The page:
In May, music company Kobalt announced a $75m Series D funding round, led by media firm Hearst Entertainment. Now that round has increased to $89m.
The $14m ‘second installment’ was led by former Google Ventures partner Bill Maris’ new Section 32 fund, with Maris joining Kobalt’s board of directors as part of the funding.
Maris and Kobalt have history though: while at Google’s investment arm, the Silicon Valley veteran led a $60m funding round for Kobalt in February 2015.
“Having him join our board is not only a great moment for Kobalt but also for the music industry that needs more tech experience,” said Kobalt CEO Willard Ahdritz in a statement today.
“He’s been with us since 2014 and is now doubling down to help us see through our mission of bringing the music industry into the digital age.”
Ahdritz suggested that “there is no better time than now” for Maris to join Kobalt’s board, given the way its business has diversified beyond publishing.
“We have just finished building the first and only music stack in the industry, which includes music publishing, neighbouring rights, recordings and the first digital global collection society, AMRA.”
For his part, Maris praised Kobalt’s technology, although his statement today shows that he’s a willing partner for Ahdritz’s enjoyment in winding up collecting societies.
“The royalty collection business has been stuck in the dark ages, and artists often have to wait for months or years to get paid for use of their work – if they get paid at all,” said Maris.
“Kobalt is the only company to have created a full multi-rights content management system to fix this broken business model, and I couldn’t be happier to join the board and invest again in Willard and the team at Kobalt.”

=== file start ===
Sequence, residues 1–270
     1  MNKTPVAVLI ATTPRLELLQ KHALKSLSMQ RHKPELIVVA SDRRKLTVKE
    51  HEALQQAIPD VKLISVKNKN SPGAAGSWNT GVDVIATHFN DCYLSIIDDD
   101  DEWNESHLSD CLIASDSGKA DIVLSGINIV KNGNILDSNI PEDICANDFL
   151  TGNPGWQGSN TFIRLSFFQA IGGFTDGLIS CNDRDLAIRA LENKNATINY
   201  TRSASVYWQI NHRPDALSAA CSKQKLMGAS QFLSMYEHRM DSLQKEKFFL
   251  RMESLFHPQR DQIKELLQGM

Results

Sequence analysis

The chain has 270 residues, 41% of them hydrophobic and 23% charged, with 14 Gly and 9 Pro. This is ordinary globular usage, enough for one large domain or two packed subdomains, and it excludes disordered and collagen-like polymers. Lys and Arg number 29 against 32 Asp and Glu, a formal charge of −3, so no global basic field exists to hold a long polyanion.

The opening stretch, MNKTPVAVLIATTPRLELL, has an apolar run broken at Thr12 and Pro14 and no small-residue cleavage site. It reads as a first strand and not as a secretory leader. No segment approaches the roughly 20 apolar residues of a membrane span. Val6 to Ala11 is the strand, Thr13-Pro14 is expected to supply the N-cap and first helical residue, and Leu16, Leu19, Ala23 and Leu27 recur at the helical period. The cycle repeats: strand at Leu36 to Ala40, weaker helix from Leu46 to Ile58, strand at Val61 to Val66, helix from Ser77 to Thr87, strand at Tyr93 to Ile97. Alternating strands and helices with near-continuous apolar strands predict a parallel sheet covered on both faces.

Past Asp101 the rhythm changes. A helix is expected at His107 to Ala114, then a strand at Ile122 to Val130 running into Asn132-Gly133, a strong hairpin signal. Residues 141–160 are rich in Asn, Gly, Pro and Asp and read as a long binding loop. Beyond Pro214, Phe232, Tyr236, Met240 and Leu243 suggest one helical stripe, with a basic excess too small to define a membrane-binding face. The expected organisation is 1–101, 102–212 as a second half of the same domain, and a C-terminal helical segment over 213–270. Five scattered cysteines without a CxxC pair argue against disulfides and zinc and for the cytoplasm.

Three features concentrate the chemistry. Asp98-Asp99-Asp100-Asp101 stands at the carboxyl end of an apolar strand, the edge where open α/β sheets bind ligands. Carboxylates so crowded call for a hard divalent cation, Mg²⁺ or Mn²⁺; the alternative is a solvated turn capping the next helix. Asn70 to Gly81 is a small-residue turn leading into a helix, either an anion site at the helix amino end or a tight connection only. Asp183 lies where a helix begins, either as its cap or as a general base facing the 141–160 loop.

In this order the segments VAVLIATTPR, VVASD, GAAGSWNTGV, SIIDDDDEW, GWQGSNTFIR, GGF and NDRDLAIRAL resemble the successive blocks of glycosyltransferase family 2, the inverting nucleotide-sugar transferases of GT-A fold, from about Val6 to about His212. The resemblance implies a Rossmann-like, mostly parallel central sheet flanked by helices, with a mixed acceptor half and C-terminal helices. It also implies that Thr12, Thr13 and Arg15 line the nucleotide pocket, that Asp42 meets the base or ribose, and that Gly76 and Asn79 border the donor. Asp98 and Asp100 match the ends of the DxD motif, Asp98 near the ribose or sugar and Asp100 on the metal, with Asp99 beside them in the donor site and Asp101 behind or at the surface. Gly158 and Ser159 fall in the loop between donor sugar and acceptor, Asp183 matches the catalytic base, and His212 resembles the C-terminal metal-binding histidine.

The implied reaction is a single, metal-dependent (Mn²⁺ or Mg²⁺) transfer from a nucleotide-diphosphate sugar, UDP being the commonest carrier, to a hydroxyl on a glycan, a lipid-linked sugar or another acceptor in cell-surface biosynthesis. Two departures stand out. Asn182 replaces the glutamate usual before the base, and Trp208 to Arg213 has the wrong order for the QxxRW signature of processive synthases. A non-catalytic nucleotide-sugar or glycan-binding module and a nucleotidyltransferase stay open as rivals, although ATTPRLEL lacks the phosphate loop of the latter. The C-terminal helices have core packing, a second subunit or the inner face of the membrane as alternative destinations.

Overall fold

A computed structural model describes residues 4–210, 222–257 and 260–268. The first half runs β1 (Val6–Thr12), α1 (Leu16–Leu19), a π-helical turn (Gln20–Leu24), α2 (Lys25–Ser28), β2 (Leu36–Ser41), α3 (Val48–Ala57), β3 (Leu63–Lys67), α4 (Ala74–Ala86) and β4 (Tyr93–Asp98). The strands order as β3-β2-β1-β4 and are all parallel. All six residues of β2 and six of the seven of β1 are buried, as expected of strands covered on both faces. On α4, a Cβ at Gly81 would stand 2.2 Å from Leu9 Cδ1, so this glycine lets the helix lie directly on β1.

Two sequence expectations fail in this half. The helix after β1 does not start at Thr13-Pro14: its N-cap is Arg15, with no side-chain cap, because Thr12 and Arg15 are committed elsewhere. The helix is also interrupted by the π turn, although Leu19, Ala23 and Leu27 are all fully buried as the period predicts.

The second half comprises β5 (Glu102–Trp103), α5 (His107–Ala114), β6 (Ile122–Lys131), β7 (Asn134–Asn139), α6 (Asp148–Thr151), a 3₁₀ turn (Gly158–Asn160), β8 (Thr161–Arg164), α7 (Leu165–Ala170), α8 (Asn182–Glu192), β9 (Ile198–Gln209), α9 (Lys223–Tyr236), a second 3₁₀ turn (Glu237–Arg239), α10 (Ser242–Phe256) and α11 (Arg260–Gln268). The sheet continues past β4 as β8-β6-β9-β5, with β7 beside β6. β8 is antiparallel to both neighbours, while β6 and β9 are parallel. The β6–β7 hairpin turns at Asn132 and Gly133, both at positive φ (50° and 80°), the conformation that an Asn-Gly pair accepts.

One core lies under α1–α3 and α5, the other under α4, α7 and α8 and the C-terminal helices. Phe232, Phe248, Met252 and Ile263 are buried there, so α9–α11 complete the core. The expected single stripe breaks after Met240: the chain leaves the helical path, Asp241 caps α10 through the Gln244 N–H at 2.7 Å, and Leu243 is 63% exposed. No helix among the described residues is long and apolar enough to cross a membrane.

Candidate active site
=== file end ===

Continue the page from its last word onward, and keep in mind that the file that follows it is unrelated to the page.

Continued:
By May 2017, the fund closed at $150m as a “general purpose VC fund without a sector focus” – while healthcare and biotech are areas of interest for Maris, the more general focus opened the way for today’s investment in Kobalt.
Its other investments include cryptocurrency firm Coinbase; self-serve restaurant chain Eatsa; dog DNA-testing firm Embark; robo-dental surgery startup Neocis; and gluten-free quinoa firm NorQuin.
(Section 32 is reportedly named in homage to Section 31, the “autonomous intelligence and defence organisation” in Star Trek whose methods include “brainwashing, torture, assassinations and, as revealed in Star Trek: Deep Space Nine’s final season, genocide”. Its position on the ‘value gap’ remains fictionally unexplored.)
Today’s news brings Kobalt’s total funding raised so far to $205m. In the company’s last financial year for which results have been published, which ended on 30 June 2016, its revenues grew by 25.6% to $245.1m, but the company posted a net loss of $19.5m.
Back in 2015 when Maris led that $60m funding round for Kobalt, he told Music Ally what he saw in the company that made it an appealing investment.
“We don’t see them as a music industry company. We look at them as a technology company – but it happens to be in the music industry,” he said. “It’s adding a layer of trust and transparency that hasn’t existed here before, and showing that maybe this isn’t a dying industry: maybe it’s just one that had a terrible problem.”
Now Maris will be playing his part in taking that technology forward as a board member, as well as an investor.